âIt is becoming very clear that it can have a big impact on the severity of the disease with Omicron. Very important.”
The reason strict public health measures are being reinstated around the world is that trying to spread the number of Omicron cases at any one time is an important step to avoid overloading the health care system, Osterholm said.
âWhether you have 1,000 infected people coming to the hospital today or 1,000 infected people coming to the hospital in the next 10 to 15 weeks, it can make all the difference in the world,â he said. -he declares.
Will Omicron prolong the pandemic?
So if Omicron is not possible to eliminate and is already spreading like wildfire, threatening to overwhelm our healthcare system, what does this mean for the end of the pandemic? And how will the coming weeks and months unfold?
âIn North America, I think we’ll probably have another two to four weeks of major activity, and then I think it will start to decline dramatically,â Osterholm said. “But the next few weeks should be very difficult.”
Raywat Deonandan, a global health epidemiologist and associate professor at the University of Ottawa, expects COVID-19 levels to continue to rise dramatically before peaking in the coming weeks.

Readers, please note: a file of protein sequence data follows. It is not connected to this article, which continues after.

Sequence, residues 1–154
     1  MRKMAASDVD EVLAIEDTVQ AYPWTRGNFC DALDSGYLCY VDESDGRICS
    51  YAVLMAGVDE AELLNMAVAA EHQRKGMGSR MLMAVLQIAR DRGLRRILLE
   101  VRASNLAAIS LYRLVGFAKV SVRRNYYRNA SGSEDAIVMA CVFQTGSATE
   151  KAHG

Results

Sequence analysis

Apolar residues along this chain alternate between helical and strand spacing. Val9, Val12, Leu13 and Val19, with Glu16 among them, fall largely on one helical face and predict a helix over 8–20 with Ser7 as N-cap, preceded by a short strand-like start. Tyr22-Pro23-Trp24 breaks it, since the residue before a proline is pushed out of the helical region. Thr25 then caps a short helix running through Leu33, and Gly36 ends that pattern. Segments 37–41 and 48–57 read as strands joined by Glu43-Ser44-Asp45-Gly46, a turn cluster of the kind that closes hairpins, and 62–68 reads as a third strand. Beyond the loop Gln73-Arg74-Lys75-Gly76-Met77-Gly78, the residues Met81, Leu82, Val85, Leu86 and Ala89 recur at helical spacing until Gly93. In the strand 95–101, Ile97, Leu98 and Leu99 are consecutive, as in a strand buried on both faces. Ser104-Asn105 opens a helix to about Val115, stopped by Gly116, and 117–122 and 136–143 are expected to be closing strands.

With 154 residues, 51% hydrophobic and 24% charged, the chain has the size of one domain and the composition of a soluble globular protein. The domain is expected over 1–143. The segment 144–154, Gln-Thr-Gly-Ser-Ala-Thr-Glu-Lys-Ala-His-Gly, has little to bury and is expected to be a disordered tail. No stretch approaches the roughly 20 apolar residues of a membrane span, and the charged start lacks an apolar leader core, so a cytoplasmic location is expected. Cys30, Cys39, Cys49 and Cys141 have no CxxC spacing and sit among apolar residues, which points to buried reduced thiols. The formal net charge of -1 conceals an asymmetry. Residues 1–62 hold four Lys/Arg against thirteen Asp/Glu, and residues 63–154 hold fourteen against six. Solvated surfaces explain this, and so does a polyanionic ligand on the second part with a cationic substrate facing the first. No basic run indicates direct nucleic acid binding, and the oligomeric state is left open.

“A rapid rise will be followed by a rapid fall. We have seen it in South Africa. So while it will be a high peak, fortunately it will be a short wave,” he said. declared.
âSo does that mean we don’t have to do anything? No, of course, no. What we have to do, of course, is slow down the transmission to a.) Preserve the health care system and b. ) protect the unvaccinated and give them time to be vaccinated. â
Henry believes that while we are on track for COVID-19 to become endemic, like other respiratory viruses, and the worst of the pandemic will end in the months to come, it will be a bumpy road to get there.
“I said this a few weeks ago, when I knew people were going to be really down – I was really down, I went home and cried for an hour – but we can’t waste our time. energy by wishing it was different. That’s what it is and we know what to do, “she said.
âI really believe we’re going to be in a much better environment and through the critical phase of the pandemic and up to, ‘OK, how do we live with this virus in the future? “phase will probably come spring or summer.”